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My observable universe

I've been stretching the ol' grey matter recently tackling- how the universe is expanding in all directions, that wherever you are in the universe it will appear to be expanding in all directions etc etc
I understand that in whichever direction we look the universe appears to be homogeneous, and that my perceivable universe is limited by the amount of it that I can actually observe - that the further I look the longer I look back in time and the farthest viewable points away are those whose light has only just reached me here on Earth.
Does that mean then that if I were somehow able to look beyond the furthest images I can see that I would see a black sky where lights would blink on over time as the light from those objects reached me?
Also, if the universe if expanding faster than the speed of light, meaning I will never see the farthest objects as they are travelling away from me quicker than the light can make it back to me to observe, will I eventually reach a point where I can see so far that I can see no more? Are there any guess-timates to this threshold (if indeed it exists)?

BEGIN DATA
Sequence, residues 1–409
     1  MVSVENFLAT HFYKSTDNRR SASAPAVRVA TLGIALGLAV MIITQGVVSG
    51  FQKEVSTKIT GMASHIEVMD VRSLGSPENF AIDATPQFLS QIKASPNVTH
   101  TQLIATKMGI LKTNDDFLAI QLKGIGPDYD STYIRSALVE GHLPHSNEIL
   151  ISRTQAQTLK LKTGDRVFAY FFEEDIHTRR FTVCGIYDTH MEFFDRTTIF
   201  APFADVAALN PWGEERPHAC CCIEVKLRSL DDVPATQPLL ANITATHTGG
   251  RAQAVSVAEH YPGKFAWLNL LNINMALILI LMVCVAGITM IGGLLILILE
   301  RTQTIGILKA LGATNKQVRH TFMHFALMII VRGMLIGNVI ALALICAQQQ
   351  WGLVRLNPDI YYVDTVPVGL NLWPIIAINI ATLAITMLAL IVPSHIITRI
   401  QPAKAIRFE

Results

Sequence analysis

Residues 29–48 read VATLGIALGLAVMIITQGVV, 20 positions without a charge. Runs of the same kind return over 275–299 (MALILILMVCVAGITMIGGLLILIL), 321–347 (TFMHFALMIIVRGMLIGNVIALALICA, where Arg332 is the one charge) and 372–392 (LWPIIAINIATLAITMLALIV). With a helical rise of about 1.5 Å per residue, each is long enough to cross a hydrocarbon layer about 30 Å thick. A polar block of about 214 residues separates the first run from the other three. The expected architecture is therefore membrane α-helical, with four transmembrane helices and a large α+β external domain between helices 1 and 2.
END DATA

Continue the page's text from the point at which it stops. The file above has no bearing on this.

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  • Apr 7 2013: That would certainly be a good trick.
    You are always looking back in time the further you look away. That is because the speed of light is a fixed value.
    So, it takes 8 minutes and 20 seconds for light from the sun to get to the earth. Therefore the sun you are looking at is 8 minutes and 20 seconds back in time vis a vis its actual condition right now. I could have blown up 4 minutest and 10 seconds ago and you will not know about it for another 4 minutes and 10 seconds.
    Extrapolate that to the outer planets. There you are look back hours.
    The nearest star, over 4 years ago.
    You have probably heard the theory that alien races if they exist may just be getting our first radio and tv transmissions and watching I love Lucy without even getting the DejaVu channel.
    From their point of view, they are looking at the earth back in time.

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